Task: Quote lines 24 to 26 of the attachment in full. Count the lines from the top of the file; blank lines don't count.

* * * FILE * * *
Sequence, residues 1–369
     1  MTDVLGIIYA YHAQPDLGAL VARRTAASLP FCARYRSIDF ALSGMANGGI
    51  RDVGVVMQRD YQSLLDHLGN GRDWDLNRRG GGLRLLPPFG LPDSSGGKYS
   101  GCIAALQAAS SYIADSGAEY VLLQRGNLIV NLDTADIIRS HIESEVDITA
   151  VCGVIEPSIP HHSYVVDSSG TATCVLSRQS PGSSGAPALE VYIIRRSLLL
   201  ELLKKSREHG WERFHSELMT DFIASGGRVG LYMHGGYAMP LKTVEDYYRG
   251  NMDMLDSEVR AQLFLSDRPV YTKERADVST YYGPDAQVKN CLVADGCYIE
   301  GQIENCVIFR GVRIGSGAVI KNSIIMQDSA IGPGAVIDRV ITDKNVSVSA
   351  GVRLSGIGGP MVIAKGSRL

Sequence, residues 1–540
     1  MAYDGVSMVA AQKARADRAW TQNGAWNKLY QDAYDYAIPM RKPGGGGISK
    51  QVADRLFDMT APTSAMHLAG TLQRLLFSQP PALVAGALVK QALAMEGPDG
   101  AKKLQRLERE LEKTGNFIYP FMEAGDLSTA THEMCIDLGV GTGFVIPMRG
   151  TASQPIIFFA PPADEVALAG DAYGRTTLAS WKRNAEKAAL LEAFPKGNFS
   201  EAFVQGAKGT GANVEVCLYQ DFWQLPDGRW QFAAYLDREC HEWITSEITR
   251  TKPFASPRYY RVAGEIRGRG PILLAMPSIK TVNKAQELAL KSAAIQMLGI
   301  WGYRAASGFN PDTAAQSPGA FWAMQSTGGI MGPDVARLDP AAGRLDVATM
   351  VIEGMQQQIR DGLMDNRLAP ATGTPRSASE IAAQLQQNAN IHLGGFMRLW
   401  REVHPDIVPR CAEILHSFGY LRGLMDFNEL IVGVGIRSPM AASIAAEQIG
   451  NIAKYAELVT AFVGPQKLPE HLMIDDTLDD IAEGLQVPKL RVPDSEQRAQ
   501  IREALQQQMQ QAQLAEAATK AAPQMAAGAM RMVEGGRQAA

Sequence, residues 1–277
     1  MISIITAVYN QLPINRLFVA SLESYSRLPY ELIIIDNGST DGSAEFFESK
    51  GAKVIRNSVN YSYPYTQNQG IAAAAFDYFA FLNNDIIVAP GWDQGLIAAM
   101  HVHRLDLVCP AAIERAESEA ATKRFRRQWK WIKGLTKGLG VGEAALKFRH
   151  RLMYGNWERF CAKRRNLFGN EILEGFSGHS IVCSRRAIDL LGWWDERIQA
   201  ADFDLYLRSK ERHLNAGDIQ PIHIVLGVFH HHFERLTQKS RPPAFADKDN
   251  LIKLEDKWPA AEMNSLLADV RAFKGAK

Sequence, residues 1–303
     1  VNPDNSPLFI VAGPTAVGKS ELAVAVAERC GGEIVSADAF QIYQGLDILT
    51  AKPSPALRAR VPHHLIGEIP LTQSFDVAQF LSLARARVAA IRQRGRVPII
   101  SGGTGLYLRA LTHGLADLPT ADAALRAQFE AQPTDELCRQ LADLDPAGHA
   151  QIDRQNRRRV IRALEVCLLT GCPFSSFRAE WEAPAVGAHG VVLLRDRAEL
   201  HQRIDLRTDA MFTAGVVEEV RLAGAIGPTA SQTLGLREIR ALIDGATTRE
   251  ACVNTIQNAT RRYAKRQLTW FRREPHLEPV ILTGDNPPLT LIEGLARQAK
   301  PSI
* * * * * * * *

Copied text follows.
    51  GAKVIRNSVN YSYPYTQNQG IAAAAFDYFA FLNNDIIVAP GWDQGLIAAM
   101  HVHRLDLVCP AAIERAESEA ATKRFRRQWK WIKGLTKGLG VGEAALKFRH
   151  RLMYGNWERF CAKRRNLFGN EILEGFSGHS IVCSRRAIDL LGWWDERIQA